For heavy-load switch points the foot should only be somewhat narrowed in the inner plate region for half the rib width. Since the length of the rib is forged from one piece and welded to the base plate, the corresponding foot regions arenotched only over a maximum length of 120 mm.

For slightly stressed frogs (for example, for service in outlying suburbs), the two feet can be surfaced or milled over their enrim length corresponding to the rib width, which means cost-effective manufacture.

The most important aspects and advantages of the invention will now be summarized:

Frog and wing rails are connected vertically and elastically to the ribbed plates of the ties by anchor clamps (SKL). The previous block unit of a rigid frog and wing rails is thus reduced to individual rails. These individual rails have anintrinsic elasticity so that the object of the invention behaves almost like a normal track rail in terms of oscillation and damping behavior. The previously used filling plates are no longer used, nor are the threaded joints.

The individual rails are more easily replaceable. Additional plastic spacers can subsequently be incorporated beneath the rails, with which stepless height adjustment of the treads is produced. The previous repair of the wing pieces byresurfacing disappears. Tensioning occurs vertically with anchor clamps. The individual rail feet have about 1 mm air relative to each other laterally in the narrow region. The ends of the two standard rails that pass over the enrim length of the frogpoint without a welded joint and form the point are welded together over the shortest possible area on the head and foot. Welding methods, such as gas pressure welding, CO.sub.2 shielded arc welding, inductive pressure welding, electron beam welding orlaser welding, are considered here.

In the wheel transition region from the point to the wing rail and vice versa, the latter is cambered so that the height difference of the present conical wheel-rim profile is compensated.

The frog point consists of two standard rails, for example of the type UIC 60, which are adapted by machining in the region of the points on their head and foot regions to the point geometry corresponding to the narrowing in the region and weldedto the head and foot of the thus formed point by means of longitudinal V-type seams or other types of seams.

The front region of the point can also be produced in one piece as a forged or cast molded article and welded to the two frog points welded together on the head and foot.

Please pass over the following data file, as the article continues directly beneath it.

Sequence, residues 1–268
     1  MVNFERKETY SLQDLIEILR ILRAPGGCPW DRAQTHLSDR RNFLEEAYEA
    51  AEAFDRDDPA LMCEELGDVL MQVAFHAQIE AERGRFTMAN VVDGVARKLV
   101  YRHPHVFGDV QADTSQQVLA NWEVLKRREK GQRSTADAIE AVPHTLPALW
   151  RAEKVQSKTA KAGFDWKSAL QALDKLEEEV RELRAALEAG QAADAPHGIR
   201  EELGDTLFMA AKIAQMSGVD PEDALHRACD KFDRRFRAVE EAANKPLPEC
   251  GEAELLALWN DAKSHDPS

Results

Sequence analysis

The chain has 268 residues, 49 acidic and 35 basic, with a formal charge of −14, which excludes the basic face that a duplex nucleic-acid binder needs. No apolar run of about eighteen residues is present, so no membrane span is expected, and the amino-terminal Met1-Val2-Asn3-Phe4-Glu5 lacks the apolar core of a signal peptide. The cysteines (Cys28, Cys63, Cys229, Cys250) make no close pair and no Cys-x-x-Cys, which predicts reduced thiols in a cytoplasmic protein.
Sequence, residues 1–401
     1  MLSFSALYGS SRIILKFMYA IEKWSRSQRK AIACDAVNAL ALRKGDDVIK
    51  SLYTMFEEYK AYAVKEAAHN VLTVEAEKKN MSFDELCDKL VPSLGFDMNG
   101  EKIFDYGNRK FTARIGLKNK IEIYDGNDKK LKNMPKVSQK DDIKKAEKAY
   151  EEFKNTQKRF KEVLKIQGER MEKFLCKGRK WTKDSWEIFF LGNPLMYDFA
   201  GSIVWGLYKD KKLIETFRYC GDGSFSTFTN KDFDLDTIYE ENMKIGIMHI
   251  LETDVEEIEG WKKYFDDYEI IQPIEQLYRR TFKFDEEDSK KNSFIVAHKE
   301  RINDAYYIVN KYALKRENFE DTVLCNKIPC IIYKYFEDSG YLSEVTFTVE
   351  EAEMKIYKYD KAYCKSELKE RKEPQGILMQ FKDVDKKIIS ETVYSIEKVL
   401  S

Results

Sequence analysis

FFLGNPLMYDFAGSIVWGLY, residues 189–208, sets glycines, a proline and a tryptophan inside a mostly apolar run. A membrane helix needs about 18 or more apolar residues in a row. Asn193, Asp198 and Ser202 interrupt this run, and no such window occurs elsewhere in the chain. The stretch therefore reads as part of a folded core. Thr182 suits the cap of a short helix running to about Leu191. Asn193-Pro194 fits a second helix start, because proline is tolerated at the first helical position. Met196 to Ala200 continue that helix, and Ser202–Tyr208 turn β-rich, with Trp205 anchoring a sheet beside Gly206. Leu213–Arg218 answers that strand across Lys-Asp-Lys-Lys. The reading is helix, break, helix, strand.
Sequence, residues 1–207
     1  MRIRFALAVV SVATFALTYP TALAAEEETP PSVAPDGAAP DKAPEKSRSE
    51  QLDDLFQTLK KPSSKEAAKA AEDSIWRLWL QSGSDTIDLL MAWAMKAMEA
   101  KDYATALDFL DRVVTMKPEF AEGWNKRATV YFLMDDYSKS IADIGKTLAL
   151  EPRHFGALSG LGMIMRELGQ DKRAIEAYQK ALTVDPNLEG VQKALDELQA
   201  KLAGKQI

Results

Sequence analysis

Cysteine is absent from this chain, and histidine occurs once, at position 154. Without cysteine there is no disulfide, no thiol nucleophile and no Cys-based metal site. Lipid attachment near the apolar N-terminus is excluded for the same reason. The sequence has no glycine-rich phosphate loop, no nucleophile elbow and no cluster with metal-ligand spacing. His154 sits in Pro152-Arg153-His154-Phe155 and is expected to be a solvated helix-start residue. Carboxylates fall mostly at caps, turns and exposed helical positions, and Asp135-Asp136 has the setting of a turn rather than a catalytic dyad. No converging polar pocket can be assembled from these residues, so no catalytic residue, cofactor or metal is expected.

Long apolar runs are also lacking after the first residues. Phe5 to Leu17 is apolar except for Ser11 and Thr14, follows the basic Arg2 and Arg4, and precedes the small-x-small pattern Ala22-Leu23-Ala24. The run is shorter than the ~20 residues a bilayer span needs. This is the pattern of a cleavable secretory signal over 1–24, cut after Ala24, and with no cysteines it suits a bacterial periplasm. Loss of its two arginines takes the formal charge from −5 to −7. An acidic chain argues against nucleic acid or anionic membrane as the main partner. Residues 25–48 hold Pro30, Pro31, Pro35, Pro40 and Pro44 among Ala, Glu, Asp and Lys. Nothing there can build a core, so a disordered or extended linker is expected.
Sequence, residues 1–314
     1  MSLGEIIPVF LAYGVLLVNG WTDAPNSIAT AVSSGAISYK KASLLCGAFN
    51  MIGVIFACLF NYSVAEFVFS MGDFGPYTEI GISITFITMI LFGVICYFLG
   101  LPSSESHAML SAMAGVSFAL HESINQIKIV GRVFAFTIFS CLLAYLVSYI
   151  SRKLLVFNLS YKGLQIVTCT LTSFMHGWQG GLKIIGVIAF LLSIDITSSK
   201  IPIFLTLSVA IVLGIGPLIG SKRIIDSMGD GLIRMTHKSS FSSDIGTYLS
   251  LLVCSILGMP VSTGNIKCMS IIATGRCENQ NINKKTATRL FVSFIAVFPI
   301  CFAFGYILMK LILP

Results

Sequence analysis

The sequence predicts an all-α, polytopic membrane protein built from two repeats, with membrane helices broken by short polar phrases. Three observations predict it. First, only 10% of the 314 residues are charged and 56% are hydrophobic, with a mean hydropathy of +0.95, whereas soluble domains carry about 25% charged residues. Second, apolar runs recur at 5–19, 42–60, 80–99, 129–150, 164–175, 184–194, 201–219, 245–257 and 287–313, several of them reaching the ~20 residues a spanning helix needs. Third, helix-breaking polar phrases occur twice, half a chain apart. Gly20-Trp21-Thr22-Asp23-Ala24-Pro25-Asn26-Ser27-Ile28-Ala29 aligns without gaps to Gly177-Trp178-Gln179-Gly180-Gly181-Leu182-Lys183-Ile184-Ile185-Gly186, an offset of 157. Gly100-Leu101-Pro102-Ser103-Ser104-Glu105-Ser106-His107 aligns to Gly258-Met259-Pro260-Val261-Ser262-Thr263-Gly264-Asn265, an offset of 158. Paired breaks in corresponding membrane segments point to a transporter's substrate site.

Since there are significant forces acting in the longitudinal direction on the wing rails and frog point due to the effects of temperature and braking, a so-called rail anchor must be provided between the aforementioned three main parts whichprevents longitudinal migration with relative displacement between the frog point and wing rails. This rail anchor is incorporated as close as possible to the wheel transition [region] with the special feature that each connector of the wing rails andthe frog point is individually bolted very tight to the parts of the rail anchor.

The adjustment of different wing rail heights is necessary to equalize the wear of the rail heads of the wing rails, especially in the wheel transition region. Eccentric bushings are provided between the screws and enlarged holes in the railconnectors for the rail anchor. The rail anchor is then one-piece on each side.

According to one variant, each rail anchor side is designed in two parts with several contact surfaces in the longitudinal and transverse direction that transfer the longitudinal forces from the point to the wing rail and vice versa. Theseforces are about 600-800 kN, e.g., in the longitudinal direction. Either additional spacers or spacers of different thickness are used beneath the wing rail feet to compensate for height differences as a result of wear of the wing rail treads.

The two matching parts can be shifted perpendicular to each other for a height adjustment of the rails. They can transfer significant forces over several contact surfaces in the longitudinal direction of the rails which are many times greaterthan in the rail anchor devices of the prior art common in switch blades. A small amount of play between the contact surfaces can moderate the transferable longitudinal rail forces. Movement can also be limited by contact surfaces with play in thetransverse rail direction.

The parts of the rail anchor that mesh with each other like a comb can also be designed trapezoidally.

The invention will now be explained in detail below with reference to embodiment examples with reference to the drawing.

BRIEF DESCRIPTION OF THE DRAWINGS

FIG. 1 shows a top view of a frog according to the invention;

FIG. 2 shows a side view of the frog point according to FIG. 1;

FIG. 3 shows a side view of the traversed tread height of the two wing rails according to the invention in the frog of FIG. 1:

FIG. 4 shows a cross section along plate 249 of FIG. 1;